SINGAPORE - The National Trades Union Congress (NTUC) has taken steps to set up "training committees" that identify the training and skills that workers will need to keep up with industry transformation.
NTUC secretary-general Ng Chee Meng said the labour movement has worked with about 10 companies in a pilot project to set up these committees, which comprise management staff and union leaders, to help nurture what he termed "Worker 4.0".
"For Industry 4.0 to be actualised, we need our workers to transform in parallel with their companies and industries because there can be no Industry 4.0 without the worker," Mr Ng, who is also MP for Pasir Ris-Punggol GRC, said. "In the past few months, we worked with companies and sector agencies on a study to produce archetypes of Worker 4.0 in different industries."
These companies are from sectors ranging from port engineering to aviation and include SIA Engineering Company as well as in-flight catering service provider Sats.
Together with NTUC, companies are working out future versions or archetypes of their employees - and the skills gap and training required for their current workforce.
"Our intention is to help our workers visualise the potential of Industry 4.0 for their companies, and for... their careers," said Mr Ng.
The partnerships cover about 64,000 workers and the plan is to expand this collaboration to all of NTUC's unionised companies, said Mr Ng on the first day of the Budget debate on Tuesday (Feb 26).
He cited the example of PSA senior mechanical engineer Ng Hwee Sheng, who took on a larger role managing automated and intelligent systems at the port operator after completing a year-long systems engineering course at the Singapore Institute of Technology (SIT). Mr Ng added that with examples of workers who have moved towards Worker 4.0, the hope is that more will do so and take personal responsibility in upgrading their skills.
"The training committee can chart out skills and competency requirements, put in place training programmes such as PSA's one-year systems engineering course at SIT, schedule worker training to minimise downtime on ongoing operations," he said.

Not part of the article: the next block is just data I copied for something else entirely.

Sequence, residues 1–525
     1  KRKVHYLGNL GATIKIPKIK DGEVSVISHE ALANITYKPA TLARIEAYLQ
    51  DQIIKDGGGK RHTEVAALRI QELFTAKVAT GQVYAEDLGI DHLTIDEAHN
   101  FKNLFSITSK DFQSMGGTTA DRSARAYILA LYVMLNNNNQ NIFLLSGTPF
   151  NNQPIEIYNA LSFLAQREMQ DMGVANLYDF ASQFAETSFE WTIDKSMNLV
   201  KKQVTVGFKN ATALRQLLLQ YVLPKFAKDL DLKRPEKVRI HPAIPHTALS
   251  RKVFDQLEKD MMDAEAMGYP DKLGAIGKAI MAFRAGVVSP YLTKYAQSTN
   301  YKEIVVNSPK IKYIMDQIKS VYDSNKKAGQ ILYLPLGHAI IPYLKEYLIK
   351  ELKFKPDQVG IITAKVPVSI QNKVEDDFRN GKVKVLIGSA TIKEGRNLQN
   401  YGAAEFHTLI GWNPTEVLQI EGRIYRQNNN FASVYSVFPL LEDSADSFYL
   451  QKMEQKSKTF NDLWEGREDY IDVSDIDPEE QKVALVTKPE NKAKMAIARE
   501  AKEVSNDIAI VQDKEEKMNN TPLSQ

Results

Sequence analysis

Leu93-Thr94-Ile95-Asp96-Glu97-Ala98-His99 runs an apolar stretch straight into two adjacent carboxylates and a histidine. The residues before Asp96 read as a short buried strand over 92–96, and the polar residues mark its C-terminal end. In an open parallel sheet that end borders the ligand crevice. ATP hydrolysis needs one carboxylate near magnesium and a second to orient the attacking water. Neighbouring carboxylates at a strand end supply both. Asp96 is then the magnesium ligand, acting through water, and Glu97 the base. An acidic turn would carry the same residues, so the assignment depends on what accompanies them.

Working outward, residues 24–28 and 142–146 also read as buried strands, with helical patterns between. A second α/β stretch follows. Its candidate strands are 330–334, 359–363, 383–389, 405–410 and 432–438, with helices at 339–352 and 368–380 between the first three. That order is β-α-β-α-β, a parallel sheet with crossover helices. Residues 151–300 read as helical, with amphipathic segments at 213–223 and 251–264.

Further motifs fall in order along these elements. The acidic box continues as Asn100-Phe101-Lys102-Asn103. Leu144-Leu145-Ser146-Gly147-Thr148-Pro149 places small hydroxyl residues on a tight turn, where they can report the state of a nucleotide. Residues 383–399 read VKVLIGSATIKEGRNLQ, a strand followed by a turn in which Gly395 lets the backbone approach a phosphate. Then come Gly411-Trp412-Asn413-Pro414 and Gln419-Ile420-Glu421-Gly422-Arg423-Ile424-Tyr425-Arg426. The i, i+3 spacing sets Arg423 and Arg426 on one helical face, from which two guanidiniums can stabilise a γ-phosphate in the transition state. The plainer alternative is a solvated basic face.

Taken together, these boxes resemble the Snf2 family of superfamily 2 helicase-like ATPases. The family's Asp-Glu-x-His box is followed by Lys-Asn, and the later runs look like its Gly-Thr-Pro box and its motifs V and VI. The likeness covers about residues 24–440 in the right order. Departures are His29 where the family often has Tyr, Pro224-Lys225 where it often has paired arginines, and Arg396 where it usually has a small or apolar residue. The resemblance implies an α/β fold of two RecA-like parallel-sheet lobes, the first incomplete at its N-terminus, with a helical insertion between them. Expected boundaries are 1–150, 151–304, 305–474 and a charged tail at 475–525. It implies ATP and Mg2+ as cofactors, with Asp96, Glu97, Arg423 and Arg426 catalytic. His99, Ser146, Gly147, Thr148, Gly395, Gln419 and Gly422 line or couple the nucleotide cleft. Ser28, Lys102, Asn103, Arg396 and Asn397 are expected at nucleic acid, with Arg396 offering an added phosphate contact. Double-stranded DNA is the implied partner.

The committees can also map out career prospects and tag these improvements to wage increments, he suggested.
Mr Ng also said the labour movement is aware that some workers will feel displaced by rapid changes, adding that the NTUC will do its best to support them.
He added that with the economy transforming rapidly, NTUC and its unions must "move upstream to participate in Government and industry-led transformation".
Mr Ng was among several MPs and labour movement leaders who gave suggestions and updates on how workers, from mature employees to low-income workers and freelancers, can be supported.
Dr Koh Poh Koon, deputy secretary-general of NTUC, said companies must provide better training for older workers to improve their skills in using technology.
With workers and companies unsure of where to start on training, or what training they need, Dr Koh (Ang Mo Kio GRC) added that NTUC will work with unions, industry partners, government agencies and institutes of higher learning to simplify the training space.
Lower-wage professionals, managers, executives and technicians (PMETs) who earn between $2,500 and $3,500 a month can also benefit from the Progressive Wage Model, which helps to raise wages by upgrading skills and improving productivity, said Mr Patrick Tay (West Coast GRC).
"It is timely to scale these efforts on a national level and extend the PWM to lower-wage PMETs to provide for their progression and upward labour mobility," said Mr Tay.
Mr Melvin Yong (Tanjong Pagar GRC) suggested ways to boost workplace safety and health, such as compulsory yearly health check-ups for employees to help detect and prevent chronic occupational diseases.
There could also be differentiated insurance premiums for companies, where those who face many claims for similar incidents will have to pay higher premiums, he added.